Dunkirk is the first film Christopher Nolan has made that feels bigger than the director’s preoccupations and obsessions. There is something ironically liberating about this sprawling yet frequently claustrophobic war movie about soldiers trapped by the sea, crowded in long queues on a great concrete and wooden jetty waiting for ships, or hunkered in the bellies of destroyers, all awaiting the bullets or bombs that could rain down at any moment.
What is liberating is that the stakes and the difficulties are clear and the goal and burden of survival is shared by soldiers and civilians alike. The tangle of expedient or necessary lies under which characters in Nolan’s stories so often labor — skewing their perceptions of reality, meaning and even their own actions, pitting characters as much against themselves as against one another — is basically absent here.
The protagonist of Memento needs the lie he tells himself to construct heroic meaning amid crushing tragedy. The conspirators in Inception want their mark to find meaning in a lie he wrongly believes to be his own idea. The Prestige depicts characters finding meaning in a self-created deception imposed on everyone around them, even when it destroys their own lives. The Dark Knight culminates in the notion that the people of Gotham need a noble lie to give them hope.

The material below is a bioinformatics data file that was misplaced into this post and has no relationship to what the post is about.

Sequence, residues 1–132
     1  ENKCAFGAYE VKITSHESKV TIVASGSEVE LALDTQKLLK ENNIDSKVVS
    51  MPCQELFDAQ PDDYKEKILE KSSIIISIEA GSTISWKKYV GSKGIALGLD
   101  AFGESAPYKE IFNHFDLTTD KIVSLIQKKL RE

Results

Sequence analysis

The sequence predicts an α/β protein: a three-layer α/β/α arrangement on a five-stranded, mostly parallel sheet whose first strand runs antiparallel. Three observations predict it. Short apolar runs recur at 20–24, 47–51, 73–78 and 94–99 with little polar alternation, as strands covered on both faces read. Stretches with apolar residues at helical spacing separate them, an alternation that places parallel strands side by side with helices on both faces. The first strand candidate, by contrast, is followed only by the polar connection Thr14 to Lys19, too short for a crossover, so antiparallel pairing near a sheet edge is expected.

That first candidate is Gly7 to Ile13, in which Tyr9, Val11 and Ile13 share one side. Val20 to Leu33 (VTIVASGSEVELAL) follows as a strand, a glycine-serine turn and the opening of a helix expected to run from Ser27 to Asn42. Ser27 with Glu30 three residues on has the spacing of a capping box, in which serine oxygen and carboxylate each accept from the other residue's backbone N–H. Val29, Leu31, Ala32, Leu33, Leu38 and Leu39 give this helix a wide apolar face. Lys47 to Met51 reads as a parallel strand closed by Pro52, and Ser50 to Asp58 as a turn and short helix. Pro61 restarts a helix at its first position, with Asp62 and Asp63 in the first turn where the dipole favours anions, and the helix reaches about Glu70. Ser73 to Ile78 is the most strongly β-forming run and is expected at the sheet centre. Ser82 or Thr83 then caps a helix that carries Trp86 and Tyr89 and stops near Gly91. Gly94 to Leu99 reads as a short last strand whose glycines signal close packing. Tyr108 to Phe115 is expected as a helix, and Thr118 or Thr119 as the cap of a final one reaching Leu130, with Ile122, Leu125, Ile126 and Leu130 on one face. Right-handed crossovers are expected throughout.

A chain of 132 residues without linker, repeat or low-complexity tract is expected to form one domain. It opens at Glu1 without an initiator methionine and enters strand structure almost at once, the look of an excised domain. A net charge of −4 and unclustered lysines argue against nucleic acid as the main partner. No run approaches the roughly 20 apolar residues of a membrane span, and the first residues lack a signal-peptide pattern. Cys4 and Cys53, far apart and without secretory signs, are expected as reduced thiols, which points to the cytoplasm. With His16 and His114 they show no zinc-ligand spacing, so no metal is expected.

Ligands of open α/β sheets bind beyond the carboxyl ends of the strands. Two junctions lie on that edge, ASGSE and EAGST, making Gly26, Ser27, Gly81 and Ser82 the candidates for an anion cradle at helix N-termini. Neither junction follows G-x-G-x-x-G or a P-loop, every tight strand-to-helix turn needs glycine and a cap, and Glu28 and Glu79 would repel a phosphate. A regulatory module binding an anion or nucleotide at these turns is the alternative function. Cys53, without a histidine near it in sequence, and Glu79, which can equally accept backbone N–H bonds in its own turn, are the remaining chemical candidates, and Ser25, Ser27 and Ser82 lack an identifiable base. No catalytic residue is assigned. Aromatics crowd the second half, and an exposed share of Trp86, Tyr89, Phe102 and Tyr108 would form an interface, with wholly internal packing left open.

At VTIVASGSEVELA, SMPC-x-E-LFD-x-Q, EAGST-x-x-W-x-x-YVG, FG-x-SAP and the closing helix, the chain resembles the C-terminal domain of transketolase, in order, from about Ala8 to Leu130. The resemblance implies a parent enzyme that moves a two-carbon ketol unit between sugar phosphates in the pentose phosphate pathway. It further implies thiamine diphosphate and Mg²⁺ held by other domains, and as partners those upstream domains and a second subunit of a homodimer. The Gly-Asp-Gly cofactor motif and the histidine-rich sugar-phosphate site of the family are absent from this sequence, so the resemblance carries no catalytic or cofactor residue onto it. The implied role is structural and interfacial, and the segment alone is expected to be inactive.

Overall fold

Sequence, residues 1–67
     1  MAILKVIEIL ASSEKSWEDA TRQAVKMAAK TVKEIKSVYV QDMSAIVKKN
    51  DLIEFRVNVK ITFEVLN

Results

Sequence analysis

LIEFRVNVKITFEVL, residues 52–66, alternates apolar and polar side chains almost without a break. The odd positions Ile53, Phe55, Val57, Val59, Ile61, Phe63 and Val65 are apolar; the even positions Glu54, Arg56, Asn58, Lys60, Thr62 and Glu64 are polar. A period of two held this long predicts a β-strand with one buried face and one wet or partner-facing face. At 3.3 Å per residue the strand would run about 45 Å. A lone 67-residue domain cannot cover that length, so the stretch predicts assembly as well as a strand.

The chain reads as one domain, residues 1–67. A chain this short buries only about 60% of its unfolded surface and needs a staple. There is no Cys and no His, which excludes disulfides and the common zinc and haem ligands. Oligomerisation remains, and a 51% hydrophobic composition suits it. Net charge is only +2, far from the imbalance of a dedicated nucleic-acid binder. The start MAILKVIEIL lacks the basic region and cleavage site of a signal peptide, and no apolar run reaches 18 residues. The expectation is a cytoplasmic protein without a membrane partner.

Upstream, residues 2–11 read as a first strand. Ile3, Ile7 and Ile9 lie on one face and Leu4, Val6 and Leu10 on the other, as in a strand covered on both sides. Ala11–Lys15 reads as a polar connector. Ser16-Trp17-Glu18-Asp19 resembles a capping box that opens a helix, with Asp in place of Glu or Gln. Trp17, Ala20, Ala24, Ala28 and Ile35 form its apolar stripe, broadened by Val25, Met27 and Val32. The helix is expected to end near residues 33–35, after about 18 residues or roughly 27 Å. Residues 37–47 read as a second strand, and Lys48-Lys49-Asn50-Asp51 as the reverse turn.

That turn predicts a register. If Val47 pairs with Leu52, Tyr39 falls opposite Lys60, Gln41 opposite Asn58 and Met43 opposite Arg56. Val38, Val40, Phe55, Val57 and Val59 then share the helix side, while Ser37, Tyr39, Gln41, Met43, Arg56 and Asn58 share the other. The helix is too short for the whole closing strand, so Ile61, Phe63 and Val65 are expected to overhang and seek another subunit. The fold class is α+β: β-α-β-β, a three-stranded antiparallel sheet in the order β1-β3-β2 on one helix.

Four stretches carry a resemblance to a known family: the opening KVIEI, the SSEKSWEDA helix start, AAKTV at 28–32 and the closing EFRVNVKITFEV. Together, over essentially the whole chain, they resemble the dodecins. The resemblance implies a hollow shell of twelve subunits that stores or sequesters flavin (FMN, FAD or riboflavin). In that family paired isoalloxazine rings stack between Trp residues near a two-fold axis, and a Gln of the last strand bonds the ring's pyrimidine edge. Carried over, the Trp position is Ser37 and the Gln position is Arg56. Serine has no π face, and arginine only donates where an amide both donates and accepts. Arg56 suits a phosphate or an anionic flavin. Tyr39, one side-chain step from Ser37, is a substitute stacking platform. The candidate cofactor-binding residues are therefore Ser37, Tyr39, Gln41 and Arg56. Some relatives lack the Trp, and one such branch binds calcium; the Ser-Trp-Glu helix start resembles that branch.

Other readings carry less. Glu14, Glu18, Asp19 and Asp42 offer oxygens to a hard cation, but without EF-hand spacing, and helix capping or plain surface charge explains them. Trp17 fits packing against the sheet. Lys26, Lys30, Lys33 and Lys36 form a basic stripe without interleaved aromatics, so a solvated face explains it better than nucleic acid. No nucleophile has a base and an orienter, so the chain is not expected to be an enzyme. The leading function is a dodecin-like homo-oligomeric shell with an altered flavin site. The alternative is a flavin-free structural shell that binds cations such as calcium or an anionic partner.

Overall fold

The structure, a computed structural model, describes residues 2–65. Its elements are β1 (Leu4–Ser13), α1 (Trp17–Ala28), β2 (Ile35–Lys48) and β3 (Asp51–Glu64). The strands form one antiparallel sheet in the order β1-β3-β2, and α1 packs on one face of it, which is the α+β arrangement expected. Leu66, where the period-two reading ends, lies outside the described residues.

If the wisdom of that last conceit was later cross-examined by The Dark Knight Rises, by the trilogy’s end the question whether ordinary people are capable in truth of rising to the challenge of saving themselves and each other still had no real answer.
Even when The Dark Knight Rises dropped hints of a popular uprising, Nolan seemed unable to pull it off. His latest, Interstellar, was equally pessimistic about the hoi polloi coming together to save the Earth; instead, mankind’s hopes rest on elite scientists solving the equations to evacuate the planet.
Is this partly why, of all the war stories he might have told, Nolan was drawn to the story of a battle whose very name became a catchphrase — “Dunkirk spirit” — for can-do solidarity and heroism uniting ordinary people responding to a shared crisis? Did he find in this renowned chapter of history something his fictional stories strained toward but couldn’t realize?
Copyright © 2000– Steven D. Greydanus. All rights reserved.